7 teacher tips for supporting students who’ve experienced trauma
Students who’ve survived early childhood adversity or trauma – such as violence, abuse, or a death in the family – can have unique needs in the classroom. Here are some tips to meet those students where they're at.
Students who’ve survived early childhood adversity or trauma – such as violence, abuse, or a death in the family – can have unique needs in the classroom. As part of our ongoing “How-To” series, here are tips from XQ school staff about how teachers can create supportive environments for vulnerable students.
Tips from Molly Graham, mental health coordinator at Washington Leadership Academy:
What is trauma? Trauma is a deeply distressing or disturbing experience, as defined by the survivor, that is beyond the survivor’s capacity to cope. Emotional responses to trauma can include shock, denial, unpredictable emotions, flashbacks, strained relationships, and physical symptoms.
Secure attachment vs. insecure attachment. There is a direct correlation between students’ emotional skills, which begin to form in early childhood, and student success. A secure attachment can lead to self-confidence, self-regulation, and an ability to navigate other relationships. An insecure attachment can lead to an anticipation of negative interactions with teachers, peers, and school staff, which can create a self-fulfilling prophecy.
Implicit trauma memories and responses. Trauma memories can be triggered by events or scenarios that we as adults know are not threatening but can be perceived as threatening to students. Behavior is a way of communication. It’s like an iceberg – we only see the surface behavior, not the underlying cause or trigger.
Building the environment. There are a number of classroom strategies that can assist with building a trauma-informed environment. Some strategies include: learning as much about the student as possible; modeling calmness; providing opportunities for increased self-worth; avoiding power struggles; giving specific praise; setting clear limits on expectations and behavior; using a buddy/support system; providing safe spaces; offering choices when possible; anticipating difficult times and planning for them; using post-it notes for silent intervention; modeling tone; and avoiding sarcasm.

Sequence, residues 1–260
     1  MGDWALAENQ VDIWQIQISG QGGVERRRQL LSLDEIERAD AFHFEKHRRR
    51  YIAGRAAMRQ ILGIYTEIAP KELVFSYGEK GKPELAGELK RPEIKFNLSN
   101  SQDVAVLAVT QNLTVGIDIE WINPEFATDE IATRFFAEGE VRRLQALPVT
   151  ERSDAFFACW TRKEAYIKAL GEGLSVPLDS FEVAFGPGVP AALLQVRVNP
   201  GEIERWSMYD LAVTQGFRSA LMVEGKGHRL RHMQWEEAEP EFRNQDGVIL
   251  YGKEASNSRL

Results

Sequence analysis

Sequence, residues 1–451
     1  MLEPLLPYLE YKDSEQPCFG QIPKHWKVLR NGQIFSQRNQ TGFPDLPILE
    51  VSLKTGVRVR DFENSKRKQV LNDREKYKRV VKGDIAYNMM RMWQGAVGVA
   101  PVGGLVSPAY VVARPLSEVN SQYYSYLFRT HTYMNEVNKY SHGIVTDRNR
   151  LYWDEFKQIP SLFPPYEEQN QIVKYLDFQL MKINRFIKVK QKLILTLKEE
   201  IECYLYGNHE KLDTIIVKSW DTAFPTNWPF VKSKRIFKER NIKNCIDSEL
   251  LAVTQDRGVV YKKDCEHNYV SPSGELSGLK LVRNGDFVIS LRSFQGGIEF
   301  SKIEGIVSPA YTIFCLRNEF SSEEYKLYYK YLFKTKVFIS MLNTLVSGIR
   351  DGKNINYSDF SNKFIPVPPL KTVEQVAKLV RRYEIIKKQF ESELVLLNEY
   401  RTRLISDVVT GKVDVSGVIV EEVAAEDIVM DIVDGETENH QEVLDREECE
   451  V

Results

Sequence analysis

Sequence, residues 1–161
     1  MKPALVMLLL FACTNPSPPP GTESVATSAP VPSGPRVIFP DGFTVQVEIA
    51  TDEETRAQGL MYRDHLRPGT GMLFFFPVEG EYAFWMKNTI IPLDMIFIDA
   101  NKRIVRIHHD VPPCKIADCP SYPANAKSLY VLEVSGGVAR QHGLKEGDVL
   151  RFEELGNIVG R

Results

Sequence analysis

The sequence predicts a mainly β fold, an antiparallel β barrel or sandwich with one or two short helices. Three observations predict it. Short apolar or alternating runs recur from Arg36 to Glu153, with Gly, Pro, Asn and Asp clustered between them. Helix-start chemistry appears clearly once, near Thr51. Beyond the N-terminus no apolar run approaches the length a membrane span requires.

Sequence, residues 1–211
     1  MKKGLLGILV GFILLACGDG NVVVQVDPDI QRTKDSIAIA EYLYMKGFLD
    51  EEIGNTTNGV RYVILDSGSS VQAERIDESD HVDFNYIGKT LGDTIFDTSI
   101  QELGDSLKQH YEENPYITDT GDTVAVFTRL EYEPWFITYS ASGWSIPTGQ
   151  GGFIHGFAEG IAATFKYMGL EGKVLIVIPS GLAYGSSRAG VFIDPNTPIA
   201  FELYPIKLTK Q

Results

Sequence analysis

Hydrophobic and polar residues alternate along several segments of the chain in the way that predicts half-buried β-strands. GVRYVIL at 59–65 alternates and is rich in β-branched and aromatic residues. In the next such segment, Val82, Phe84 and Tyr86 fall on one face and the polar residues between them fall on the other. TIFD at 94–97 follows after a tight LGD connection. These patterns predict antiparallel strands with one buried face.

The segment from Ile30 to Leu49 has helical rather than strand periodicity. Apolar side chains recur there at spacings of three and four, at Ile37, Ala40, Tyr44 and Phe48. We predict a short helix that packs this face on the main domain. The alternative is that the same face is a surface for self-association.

Tips from Anastasia Resner, case manager, and social worker, and De’Amonta Casey, school psychologist, both at Da Vinci RISE:
Mindset. A trauma-informed environment begins with a shift in mindset. Behavior is like an iceberg. Use the 10/90 rule when thinking about student behaviors: 10 percent is what you can see, while 90 percent is what’s going on beneath the surface.
Approach. Building a trauma-informed environment involves a few approaches. Connect: focus on relationships. Protect: promote safety and trustworthiness. Respect: engage in choice and collaboration. Redirect: encourage skill-building and competence.
Strategies. Consistency and choice are key to successful classroom strategies. Create a sense of consistency and have clear expectations and predictable consequences. It’s crucial to show consistent and controlled reactions and give students choice rather than ultimatums. By normalizing mistakes and framing them as learning opportunities, you empower students to grow.
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